Although male carpenter bees are aggressive, they do not have a stinger as the female does. Male carpenter bees can be intimidating, hovering in front of people who are around nesting sites. Female carpenter bees can inflict a painful sting but will seldom do so and require provocation.
Carpenter bees resemble bumble bees in both size and appearance, but are not social insects.
If you see a number of large bees hovering near the eaves of the house or drilling in wood, they are carpenter bees. Carpenter bees can cause extensive damage to properties by burrowing into wooden structures to build their nest.
Significant damage can occur when the same pieces of wood are infested year after year. Holes in the wood surface also facilitate moisture intrusion, rot, and decay.
Carpenter bees are large 12.5-25 mm (1/2-1 inch) look similar to bumble bees in appearance, Carpenter bee abdomens are smooth and shiny, whereas bumble bees’ have hairy, abdomens with some yellow marking.
Carpenter bees do not live in colonies like honey bees or bumble bees. The adults overwinter individually, often in previously constructed brood tunnels. Those that survive the winter emerge and mate the following spring.
Carpenter bees make their nests after making perfectly circular holes into wood. Then tunneling inside the wood usually following the grain of the wood and parallel to the outer longitudinal surface and leaving a tell-tale pile of sawdust behind. Their preferred wood is usually bare, weathered, unpainted, or softwoods like redwood, cedar, cypress, and pine.
Carpenter bees can burrow into any wooden structure, such as decks, outdoor furniture, siding, wooden window trim. Depending on the amount of damage. Some structures may become unstable and in danger of collapsing.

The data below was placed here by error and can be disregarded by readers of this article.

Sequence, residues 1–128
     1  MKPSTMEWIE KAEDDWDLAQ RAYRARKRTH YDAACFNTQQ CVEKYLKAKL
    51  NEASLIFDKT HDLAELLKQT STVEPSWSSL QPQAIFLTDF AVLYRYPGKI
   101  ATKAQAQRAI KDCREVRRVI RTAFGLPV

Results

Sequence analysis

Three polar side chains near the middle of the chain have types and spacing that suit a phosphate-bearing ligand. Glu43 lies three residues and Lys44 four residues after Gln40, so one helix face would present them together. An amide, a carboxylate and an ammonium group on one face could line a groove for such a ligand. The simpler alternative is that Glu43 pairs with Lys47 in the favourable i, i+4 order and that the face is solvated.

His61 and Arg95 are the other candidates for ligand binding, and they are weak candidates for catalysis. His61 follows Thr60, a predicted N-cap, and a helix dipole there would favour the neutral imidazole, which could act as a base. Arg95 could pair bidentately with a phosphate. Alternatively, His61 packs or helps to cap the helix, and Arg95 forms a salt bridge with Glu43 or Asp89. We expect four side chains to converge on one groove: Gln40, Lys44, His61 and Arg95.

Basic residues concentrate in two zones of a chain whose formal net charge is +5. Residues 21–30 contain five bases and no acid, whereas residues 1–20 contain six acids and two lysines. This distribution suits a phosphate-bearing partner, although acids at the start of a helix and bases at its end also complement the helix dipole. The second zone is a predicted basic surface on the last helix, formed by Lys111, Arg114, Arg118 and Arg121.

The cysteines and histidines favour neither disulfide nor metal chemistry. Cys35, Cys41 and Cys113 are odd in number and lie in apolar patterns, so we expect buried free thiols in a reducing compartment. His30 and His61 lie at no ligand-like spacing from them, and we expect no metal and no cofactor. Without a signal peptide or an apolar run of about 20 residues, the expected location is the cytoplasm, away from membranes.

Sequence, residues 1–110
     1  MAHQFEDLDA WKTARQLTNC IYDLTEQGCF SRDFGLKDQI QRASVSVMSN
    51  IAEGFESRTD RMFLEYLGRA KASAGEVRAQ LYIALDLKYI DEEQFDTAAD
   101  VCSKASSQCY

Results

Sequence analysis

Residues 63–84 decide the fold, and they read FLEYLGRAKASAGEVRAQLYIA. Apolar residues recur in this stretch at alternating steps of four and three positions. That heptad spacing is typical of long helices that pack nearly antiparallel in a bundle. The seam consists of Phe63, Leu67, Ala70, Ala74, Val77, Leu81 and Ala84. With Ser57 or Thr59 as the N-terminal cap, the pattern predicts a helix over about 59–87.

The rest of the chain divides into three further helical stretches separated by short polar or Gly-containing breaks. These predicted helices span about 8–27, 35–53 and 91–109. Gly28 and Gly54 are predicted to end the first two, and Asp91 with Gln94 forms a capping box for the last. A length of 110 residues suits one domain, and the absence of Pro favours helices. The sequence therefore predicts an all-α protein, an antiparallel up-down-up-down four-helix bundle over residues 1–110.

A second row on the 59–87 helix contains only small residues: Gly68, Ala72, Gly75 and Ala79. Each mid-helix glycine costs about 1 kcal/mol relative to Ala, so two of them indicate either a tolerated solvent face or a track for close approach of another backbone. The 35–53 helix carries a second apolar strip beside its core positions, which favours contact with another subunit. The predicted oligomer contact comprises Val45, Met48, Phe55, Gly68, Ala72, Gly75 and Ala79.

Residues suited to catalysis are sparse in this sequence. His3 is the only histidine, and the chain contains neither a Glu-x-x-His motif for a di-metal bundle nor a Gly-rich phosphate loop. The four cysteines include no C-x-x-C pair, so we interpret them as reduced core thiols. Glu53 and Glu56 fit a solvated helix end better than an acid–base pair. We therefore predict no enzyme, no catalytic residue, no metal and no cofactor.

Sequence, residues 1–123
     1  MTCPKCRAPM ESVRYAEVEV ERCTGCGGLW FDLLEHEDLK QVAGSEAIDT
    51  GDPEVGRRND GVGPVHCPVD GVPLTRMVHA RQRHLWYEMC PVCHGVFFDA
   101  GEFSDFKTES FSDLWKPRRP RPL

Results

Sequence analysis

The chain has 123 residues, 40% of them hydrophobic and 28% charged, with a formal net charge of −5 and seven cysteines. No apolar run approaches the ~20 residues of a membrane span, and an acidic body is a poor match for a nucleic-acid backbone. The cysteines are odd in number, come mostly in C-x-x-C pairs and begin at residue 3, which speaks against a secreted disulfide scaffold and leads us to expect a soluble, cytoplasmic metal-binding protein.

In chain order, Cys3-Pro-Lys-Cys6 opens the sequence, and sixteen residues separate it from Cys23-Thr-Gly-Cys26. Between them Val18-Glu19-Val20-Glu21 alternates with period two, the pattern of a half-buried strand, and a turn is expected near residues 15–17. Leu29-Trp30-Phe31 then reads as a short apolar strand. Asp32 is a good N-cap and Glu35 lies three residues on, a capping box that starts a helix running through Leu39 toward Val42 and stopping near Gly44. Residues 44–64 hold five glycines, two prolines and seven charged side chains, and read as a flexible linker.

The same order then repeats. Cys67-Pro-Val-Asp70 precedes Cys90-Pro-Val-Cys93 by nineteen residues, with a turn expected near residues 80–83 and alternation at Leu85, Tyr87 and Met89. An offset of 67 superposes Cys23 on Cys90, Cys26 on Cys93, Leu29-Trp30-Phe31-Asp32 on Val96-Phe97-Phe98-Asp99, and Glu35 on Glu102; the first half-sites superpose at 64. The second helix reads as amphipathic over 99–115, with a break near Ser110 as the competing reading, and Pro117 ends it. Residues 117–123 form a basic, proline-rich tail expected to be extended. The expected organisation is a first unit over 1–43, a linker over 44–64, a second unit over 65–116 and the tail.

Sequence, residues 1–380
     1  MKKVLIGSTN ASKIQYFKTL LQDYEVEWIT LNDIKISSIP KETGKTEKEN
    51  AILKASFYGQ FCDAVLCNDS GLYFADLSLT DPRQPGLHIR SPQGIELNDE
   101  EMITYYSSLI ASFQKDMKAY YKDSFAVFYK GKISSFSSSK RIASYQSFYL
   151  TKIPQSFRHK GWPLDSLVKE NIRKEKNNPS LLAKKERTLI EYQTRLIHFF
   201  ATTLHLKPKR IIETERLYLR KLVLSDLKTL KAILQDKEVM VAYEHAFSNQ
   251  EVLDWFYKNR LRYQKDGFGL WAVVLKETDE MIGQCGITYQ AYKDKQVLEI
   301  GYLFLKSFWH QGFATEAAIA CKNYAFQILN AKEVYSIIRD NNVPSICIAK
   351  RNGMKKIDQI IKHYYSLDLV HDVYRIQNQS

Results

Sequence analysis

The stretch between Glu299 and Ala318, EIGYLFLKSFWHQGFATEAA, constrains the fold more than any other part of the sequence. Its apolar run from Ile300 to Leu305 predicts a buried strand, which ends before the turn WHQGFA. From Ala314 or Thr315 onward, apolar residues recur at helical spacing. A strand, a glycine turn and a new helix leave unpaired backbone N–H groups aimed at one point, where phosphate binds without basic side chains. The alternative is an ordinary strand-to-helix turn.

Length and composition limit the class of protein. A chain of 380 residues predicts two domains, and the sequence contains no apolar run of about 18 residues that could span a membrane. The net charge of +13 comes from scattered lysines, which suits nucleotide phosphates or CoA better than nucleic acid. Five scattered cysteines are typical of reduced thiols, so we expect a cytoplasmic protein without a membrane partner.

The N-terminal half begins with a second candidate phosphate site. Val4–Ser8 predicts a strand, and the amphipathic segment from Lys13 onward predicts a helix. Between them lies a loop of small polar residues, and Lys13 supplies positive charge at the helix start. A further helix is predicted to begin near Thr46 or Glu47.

After mating, female carpenter bees will tunnel into wood to lay their eggs in a series of small cells. There are typically 6 to 8 chambers created by the female. The larvae that hatch from the eggs complete their development and pupate. Newly developed adult carpenter bees emerge in August, feed on nectar, and return to the tunnels to over-winter.
Pollen collected from flowers is placed in the cells for the larvae to feed on during their development.
As adults, the bees will forage flowers in search of nectar to survive. Carpenter bees can live for up to three years and have one generations of offspring per year.
Young adult male and female bees hibernate in the tunnels during the winter.
Are carpenter bees hazardous to humans?
Although male carpenter bees are known to be aggressive, they do not have a stinger as the female does. The biggest problem people have with carpenter bees is when the bee burrows a tunnel into the wood of a home or building to build their nest.
What are carpenter bees?
Carpenter bees get their name from their habit of boring into wood. Carpenter bees do not eat wood but cause damage to structures by drilling circular holes to create tunnels inside the wood. Unlike other bees, such as honey bees and bumble bees that live in colonies, carpenter bees are not social insects and build individual nests into trees outdoors or the frames, eaves, or sides of buildings.
Can carpenter bees damage my property?
Carpenter bees are a serious property threat and cause structural damage over time if left untreated, especially if they repeatedly bore holes for nesting throughout the property. Furthermore, the large larvae developing into tunnels in homes are oftentimes attractive to woodpeckers that will seek out developing carpenter bees and create more extensive damage to the existing holes.
How can I prevent carpenter bees?
Carpenter bees usually will not tunnel into painted wood. Therefore, a more permanent solution is to paint unfinished wood surfaces, especially those with a history of infestation.
What are the signs of a carpenter bee infestation?
The most common signs of a carpenter bee infestation are the round, smooth holes that carpenter bees bore into wood. To identify early damage to buildings, homeowners should regularly inspect the perimeter of the home and surrounding property for the presence of these holes and hovering bees.
Since carpenter bees prefer bare wood, painting and staining wood can sometimes help deter them. However, they will occasionally attack stained or painted wood.
How do I get rid of a carpenter bees infestation?
To remove a minor carpenter bee infestation, plug the holes they burrow during the fall months. For a more severe infestation of carpenter bees, call Abell Pest Control. We are familiar with the habits of carpenter bees and have the necessary tools to remove an infestation.
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